US: Epidemiologist David Van Sickle spent years studying asthma, but like many researchers of the chronic disease, he was frustrated by the obstacles to determining precise triggers of an individual attack. That frustration gave him an idea for a rescue inhaler topped with a GPS sensor. The invention would map the user”s location every time he took a puff and send that information back to his doctor.Such a device, Van Sickle thought, would give doctors data about when and where attacks occurred, helping them figure out possible environmental causes and allowing them to plan treatment accordingly.
In 2006, he began work on a prototype, an endeavor that turned out to be harder than he had imagined, chiefly because the sensor attachment had to be as durable as the inhalers themselves, which are often jostled around in pants pockets and handbags.
Van Sickle and his team continued to fine-tune the technology, forming the start-up company Asthmapolis in 2008. The latest version of the inhalers is equipped with a smaller, Bluetooth-based device that sends usage information to a Web portal where maps show when and where patients have used their inhalers.
The Asthmapolis inhaler is part of a burgeoning field called geomedicine, which GIS technology to correlate environmental conditions with health risks. The hope is that this data, integrated into a patient”s medical history, will help doctors and researchers fine-tune their diagnoses and treatments.
“Place should be a vital sign,” said Ethan Berke, a spatial epidemiologist at Dartmouth Medical School in Hanover and a family physician.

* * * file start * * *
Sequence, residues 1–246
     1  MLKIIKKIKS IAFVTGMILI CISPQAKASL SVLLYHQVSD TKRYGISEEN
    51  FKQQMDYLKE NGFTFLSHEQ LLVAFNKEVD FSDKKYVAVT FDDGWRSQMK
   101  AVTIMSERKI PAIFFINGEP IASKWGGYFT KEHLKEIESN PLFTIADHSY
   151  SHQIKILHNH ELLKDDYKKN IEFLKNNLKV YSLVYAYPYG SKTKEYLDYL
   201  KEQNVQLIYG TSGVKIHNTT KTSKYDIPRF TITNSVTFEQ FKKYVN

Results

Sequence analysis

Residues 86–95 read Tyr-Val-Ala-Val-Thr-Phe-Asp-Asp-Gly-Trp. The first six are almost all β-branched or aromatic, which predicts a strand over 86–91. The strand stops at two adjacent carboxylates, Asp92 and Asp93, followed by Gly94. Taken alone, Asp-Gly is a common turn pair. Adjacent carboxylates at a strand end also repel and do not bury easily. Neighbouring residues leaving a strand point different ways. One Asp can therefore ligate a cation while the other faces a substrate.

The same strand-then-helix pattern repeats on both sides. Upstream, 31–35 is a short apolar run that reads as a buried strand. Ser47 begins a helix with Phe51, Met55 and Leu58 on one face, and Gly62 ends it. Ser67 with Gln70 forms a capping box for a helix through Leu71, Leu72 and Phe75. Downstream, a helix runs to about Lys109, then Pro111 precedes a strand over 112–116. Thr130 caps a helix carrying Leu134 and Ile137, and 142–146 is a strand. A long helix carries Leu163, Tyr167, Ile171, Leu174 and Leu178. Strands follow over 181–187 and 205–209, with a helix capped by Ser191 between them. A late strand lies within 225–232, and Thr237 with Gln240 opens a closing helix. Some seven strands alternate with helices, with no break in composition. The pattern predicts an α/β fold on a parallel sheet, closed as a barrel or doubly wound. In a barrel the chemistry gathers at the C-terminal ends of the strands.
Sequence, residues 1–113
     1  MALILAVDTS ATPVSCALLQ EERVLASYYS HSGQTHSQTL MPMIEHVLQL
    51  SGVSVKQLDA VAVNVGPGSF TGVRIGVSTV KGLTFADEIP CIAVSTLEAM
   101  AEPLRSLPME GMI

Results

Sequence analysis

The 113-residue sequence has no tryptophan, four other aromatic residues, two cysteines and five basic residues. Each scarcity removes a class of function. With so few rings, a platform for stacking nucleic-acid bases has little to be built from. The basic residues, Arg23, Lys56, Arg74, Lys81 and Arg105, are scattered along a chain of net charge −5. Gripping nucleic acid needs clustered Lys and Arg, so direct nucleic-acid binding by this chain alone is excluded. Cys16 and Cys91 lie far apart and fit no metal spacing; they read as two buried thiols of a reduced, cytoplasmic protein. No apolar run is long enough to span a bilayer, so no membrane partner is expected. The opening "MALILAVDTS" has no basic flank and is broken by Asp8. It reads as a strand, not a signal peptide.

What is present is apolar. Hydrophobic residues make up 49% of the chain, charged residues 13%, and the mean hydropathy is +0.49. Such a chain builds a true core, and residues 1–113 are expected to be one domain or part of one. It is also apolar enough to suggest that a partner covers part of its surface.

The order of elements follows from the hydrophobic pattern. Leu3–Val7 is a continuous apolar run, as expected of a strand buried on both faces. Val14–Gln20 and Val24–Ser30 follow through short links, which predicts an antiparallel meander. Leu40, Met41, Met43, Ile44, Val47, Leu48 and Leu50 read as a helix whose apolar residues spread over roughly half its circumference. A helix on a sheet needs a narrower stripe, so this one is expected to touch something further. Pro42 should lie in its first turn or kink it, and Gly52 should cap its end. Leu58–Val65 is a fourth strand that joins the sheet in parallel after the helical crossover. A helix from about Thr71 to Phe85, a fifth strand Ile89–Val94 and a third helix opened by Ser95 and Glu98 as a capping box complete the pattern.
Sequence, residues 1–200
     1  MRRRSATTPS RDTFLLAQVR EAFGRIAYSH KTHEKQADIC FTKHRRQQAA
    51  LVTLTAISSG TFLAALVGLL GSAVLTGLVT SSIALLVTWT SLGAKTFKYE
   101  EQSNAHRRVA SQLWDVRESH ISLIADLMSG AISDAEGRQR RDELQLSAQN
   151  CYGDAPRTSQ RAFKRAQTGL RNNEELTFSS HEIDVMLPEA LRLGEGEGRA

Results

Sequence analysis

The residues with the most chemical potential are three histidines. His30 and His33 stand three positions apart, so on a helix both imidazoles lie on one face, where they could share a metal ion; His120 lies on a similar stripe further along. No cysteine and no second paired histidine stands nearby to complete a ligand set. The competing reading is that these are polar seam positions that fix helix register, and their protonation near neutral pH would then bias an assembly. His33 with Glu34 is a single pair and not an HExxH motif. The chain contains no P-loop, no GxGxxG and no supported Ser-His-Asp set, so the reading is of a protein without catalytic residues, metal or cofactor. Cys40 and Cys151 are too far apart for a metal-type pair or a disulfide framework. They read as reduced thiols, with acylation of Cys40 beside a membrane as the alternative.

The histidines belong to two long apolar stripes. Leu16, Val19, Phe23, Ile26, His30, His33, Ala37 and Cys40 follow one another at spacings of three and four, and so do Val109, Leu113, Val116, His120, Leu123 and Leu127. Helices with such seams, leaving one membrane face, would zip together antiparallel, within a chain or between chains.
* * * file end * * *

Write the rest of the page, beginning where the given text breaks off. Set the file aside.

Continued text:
Doctors have long connected place and health, Berke said, pointing to John Snow, often called the father of modern epidemiology for his work linking London”s 1854 cholera outbreak to drinking water contaminated by raw sewage. But today, technology has given them more precise and powerful ways to understand role of location in patients” health.
“I would love it if I could bring up [a] map and see the grocery stores, parks” that patients have recently visited “right there while you are checking their blood pressure,” Berke says. Such information would allow him to better tailor his medical advice based on a patient”s lifestyle.”I can do that now, but I don”t have many GIS tools in the exam room.”
Since many medical conditions, including diabetes and heart disease, are linked to diet and lifestyle, doctors such as Berke who embrace geomedicine think more insight into their patients” lives will help them give advice that will be followed. If a heart attack patient, for instance, lives on the side of mountain on a narrow country lane with no sidewalks, it may be counterproductive to suggest taking daily walks around the block.
Source: Daily Democrat